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John William Waterhouse, R.A. (1849-1917)

Lot 17: John William Waterhouse, R.A. (1849-1917)

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Description: John William Waterhouse, R.A. (1849-1917) Portrait of Miss Claire Kenworthy, half length, in a white dress oil on canvas 35 x 27 in. (88.9 x 68.5 cm.)

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John William Waterhouse (British, 1849-1917)

Lot 19: John William Waterhouse (British, 1849-1917)

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Description: John William Waterhouse (British, 1849-1917) Consulting the Oracle signed 'J.W. Waterhouse' (lower right) oil on canvas 17½ x 28½ in. (44.5 x 72.5 cm.)

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John William Waterhouse, R.A. (1849-1917)

Lot 20: John William Waterhouse, R.A. (1849-1917)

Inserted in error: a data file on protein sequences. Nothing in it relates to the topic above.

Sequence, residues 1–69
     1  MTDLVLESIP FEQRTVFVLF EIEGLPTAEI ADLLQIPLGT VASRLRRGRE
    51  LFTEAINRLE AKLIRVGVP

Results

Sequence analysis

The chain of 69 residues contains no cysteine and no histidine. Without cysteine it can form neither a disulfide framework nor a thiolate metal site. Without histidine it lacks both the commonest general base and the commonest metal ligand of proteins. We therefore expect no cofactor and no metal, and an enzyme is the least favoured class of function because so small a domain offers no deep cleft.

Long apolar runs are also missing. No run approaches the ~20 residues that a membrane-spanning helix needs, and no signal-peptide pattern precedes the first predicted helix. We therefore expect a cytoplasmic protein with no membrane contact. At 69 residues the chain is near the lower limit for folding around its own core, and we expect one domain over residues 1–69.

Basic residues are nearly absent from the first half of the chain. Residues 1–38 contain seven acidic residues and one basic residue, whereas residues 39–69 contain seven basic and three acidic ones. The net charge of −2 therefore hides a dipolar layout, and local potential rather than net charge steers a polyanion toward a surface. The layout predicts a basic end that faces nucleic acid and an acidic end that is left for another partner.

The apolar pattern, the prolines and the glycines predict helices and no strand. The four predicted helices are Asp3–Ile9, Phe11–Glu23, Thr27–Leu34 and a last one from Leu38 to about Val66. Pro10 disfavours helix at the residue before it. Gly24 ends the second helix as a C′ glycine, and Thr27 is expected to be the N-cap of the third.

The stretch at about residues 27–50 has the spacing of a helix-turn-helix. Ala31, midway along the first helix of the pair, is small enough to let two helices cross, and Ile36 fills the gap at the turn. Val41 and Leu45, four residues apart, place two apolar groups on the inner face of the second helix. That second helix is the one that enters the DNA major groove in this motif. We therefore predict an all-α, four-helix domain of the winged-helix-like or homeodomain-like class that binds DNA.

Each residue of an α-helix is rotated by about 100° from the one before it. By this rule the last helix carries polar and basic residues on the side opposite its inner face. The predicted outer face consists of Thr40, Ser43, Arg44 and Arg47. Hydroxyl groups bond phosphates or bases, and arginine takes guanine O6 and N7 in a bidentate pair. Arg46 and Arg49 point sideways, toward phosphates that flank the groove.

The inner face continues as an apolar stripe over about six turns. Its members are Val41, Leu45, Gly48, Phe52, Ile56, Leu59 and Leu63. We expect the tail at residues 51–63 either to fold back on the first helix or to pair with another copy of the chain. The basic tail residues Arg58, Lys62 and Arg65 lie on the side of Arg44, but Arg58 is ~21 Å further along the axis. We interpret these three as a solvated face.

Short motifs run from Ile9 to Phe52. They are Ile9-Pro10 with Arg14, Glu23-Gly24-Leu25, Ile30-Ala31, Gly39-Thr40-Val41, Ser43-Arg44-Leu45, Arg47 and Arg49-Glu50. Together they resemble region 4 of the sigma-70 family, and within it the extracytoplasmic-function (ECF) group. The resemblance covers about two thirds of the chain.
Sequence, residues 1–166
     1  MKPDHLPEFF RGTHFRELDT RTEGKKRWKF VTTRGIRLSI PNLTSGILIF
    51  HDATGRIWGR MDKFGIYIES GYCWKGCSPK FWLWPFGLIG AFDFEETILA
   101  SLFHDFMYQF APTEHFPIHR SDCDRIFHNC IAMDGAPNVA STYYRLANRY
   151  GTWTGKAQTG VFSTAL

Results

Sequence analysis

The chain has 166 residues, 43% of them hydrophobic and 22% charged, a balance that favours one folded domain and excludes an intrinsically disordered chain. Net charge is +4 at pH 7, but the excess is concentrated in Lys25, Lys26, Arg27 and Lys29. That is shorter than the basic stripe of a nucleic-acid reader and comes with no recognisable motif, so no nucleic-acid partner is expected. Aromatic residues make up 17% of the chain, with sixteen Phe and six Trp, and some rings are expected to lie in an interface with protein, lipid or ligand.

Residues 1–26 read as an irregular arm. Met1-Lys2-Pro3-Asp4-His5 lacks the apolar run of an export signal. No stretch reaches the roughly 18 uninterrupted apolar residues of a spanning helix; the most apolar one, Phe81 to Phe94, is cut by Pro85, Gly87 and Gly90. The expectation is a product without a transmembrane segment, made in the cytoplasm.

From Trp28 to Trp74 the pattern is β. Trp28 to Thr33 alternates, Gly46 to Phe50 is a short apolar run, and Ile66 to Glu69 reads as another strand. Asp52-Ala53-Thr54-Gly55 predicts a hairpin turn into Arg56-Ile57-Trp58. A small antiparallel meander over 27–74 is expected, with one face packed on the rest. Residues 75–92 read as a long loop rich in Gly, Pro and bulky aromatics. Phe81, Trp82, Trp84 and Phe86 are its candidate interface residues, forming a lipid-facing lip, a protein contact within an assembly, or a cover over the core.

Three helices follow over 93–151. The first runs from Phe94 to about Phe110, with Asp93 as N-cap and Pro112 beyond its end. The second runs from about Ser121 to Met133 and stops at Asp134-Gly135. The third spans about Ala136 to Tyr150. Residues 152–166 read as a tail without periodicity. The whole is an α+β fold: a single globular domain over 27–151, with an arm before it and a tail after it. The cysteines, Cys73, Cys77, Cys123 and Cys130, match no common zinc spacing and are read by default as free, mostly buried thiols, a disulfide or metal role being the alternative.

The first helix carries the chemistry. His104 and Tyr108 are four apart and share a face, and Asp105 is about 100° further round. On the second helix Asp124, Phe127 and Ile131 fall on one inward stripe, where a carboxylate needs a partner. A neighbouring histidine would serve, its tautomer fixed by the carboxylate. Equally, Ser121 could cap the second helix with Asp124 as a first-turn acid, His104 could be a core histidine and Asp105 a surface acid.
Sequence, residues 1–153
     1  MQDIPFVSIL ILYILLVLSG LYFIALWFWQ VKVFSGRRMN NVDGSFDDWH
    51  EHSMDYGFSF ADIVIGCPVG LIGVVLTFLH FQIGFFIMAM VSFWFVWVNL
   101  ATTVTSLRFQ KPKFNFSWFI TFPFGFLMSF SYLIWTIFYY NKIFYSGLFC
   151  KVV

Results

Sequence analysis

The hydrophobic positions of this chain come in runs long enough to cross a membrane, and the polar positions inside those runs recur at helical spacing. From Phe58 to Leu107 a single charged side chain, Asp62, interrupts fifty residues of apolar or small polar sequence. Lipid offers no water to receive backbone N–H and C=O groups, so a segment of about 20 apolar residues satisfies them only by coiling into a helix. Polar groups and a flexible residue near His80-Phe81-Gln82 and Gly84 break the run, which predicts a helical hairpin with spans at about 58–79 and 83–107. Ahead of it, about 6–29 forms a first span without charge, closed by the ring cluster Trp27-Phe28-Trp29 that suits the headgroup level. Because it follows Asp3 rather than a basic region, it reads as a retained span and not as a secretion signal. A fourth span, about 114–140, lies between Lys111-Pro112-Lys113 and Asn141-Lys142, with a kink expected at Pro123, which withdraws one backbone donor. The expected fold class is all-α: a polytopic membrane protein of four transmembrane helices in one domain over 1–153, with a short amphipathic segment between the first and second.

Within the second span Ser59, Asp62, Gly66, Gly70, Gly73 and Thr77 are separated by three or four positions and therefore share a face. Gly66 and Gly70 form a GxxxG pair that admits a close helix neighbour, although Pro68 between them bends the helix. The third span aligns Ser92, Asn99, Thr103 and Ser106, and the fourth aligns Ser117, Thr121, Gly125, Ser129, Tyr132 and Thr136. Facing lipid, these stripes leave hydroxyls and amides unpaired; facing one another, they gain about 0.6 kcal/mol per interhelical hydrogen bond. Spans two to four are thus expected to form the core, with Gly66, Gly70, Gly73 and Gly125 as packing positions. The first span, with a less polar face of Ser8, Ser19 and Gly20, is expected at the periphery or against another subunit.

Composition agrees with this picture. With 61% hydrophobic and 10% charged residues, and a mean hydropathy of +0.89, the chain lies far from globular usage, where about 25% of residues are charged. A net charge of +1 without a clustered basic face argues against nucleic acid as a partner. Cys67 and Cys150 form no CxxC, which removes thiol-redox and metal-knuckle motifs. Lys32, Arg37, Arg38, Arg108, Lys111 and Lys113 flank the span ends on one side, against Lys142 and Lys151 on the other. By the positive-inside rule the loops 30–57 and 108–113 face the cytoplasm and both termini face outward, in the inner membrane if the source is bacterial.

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Description: Miss Betty Pollock signed and dated 'J.W. Waterhouse 1911' (lower right) oil on canvas 36 x 281/4 in. (91.5 x 72 cm.) PROVENANCE The sitter's father, Sir Adrian Pollock, and by descent. LITERATURE Anthony Hobson, The Art and Life of J.W. Waterhouse, London, 1980, p. 81, pl. 67 and p. 191, no. 181. EXHIBITION London, Royal Academy, 1912, no. 185. Liverpool, Liverpool Academy, Autumn Exhibition, 1912, no. 956 (lent by Sir Adrian Pollock). NOTES Like so many artists who had made their names painting literary, historical and symbolist subjects, Waterhouse found himself increasingly turning to portraiture as the taste for subject pictures declined towards the end of the Victorian era. Poynter, Dicksee, Draper (see lot 21), Henrietta Rae (see lot 19) and many others faced the same predicament. Waterhouse's sitters seem to have been invariably young girls or women, nor is this surprising in view of the nature of his subject pictures, in which women always play a central role, as victims, temptresses, or simply vehicles for the artist's concept of beauty. While this obviously made him happiest with female sitters, patrons no doubt saw him as ideally suited to paint their wives or daughters. Many of his sitters belonged to the Henderson family, his chief patrons during his later years. A charming study of Phillis Waterlow, the younger daugher of his friend and fellow artist Ernest Waterlow (see Hobson, op. cit., pl. 66), was sold at Christie's on 6 November 1995, lot 118. The sitter in this present portrait is Elizabeth (Betty) Pollock, daugter of Sir Adrian Pollock, KCMG (1867-1943). He was Remembrancer of the City of London 1903-12 and subsequently for many years City Chamberlain and Treasurer, a post which brought him a knighthood in 1921. Betty was born in 1898, it is said in the Speaker's House in the House of Commons, although if this was so, the circumstances are unclear. In later life she enjoyed a successful career on the stage, being known in particular as as mimic. When she died on 6 January 1970, her obituary in the Daily Telegraph read as follows: Elizabeth Pollock, who has died of a stroke, was one of the most subtly gifted mimics on the London stage during the 30s. Her imitations had a depth of observation, an almost devilish accuracy, to which none of her rivals could aspire. She had only to speak one line, for instance, in the voice of a certain much admired star and you were made to realise that the famous lady had been struggling all her life to eradicate a Cockney accent - and had not entirely succeeded. In 1932 Ivor Novello, in a successful comedy called 'Party', wrote a role specially for her in which she gave a series of brilliant 'take-offs' of famous people. A great future seemed assured to her but she suddently lost her nerve and confidence and left the stage prematurely. She was the daughter of the late Sir Adrian Pollock, City Chamberlain. She married J.C.I. McConnel by whom she had a son who survives her. Among her admirers was Noel Coward, as the following letter shows: 9th May 1936 Dear Betty As you have probably noticed, the Theatrical Garden Party, as a gay social function, has been deteriorating slightly during the last few years and we are trying this year, by a little concentrated effort, to bring it back to the good show it used to be. In order to do this we have had to think of a lot of new ideas for attractions, and I thought it would be an excellent plan to have an 'IMITATION TENT' with you and Binnie Hale and Bunch Keys just imitating your heads off for fifteen minute sessions during the afternoon. I would be most deeply grateful, so please be a darling and say you will. My love, Noel The date is June 9th at Regents Park. Waterhouse probably met the Pollocks through the actor-manager Gerald Du Maurier, who was a friend of both parties. He also had an influence on Betty's choice of career. According to another, more detailed obituary ( Times, 11 January 1970), she made her stage debut during the First World War as a hospital nurse on probation in Du Maurier's production of J.M. Barrie's A Kiss for Cinderella. Waterhouse's portrait, which shows the sitter at the age of fourteen and captures a certain sense of adolescent shyness, was exhibited at the Royal Academy in 1912, together with his late masterpiece Penelope and her Suitors (Aberdeen Art Gallery; Hobson, pl. 77). (H. J. Draper's Mountain Mists, lot 21 in the present sale, also appeared that year.) It is not clear if the portrait's background represents some actual scene or is a figment of the artist's imagination, but the latter seems more likely. On the one hand, the Pollocks (according to Sir Adrian's Who's Who entry) had no country retreat which might have furnished the lily-pond in question. On the other, lily-ponds were very much part of Waterhouse's stock-in-trade, featuring, for example, in an Ophelia of 1894 and the famous Hylas and the Nymphs a few years later (Hobson, pls. 165 and 86). In other words, it would not have been difficult for him to transpose this familiar motif from a subject picture to a portrait, making Betty Pollock herself into a kind of Ophelia.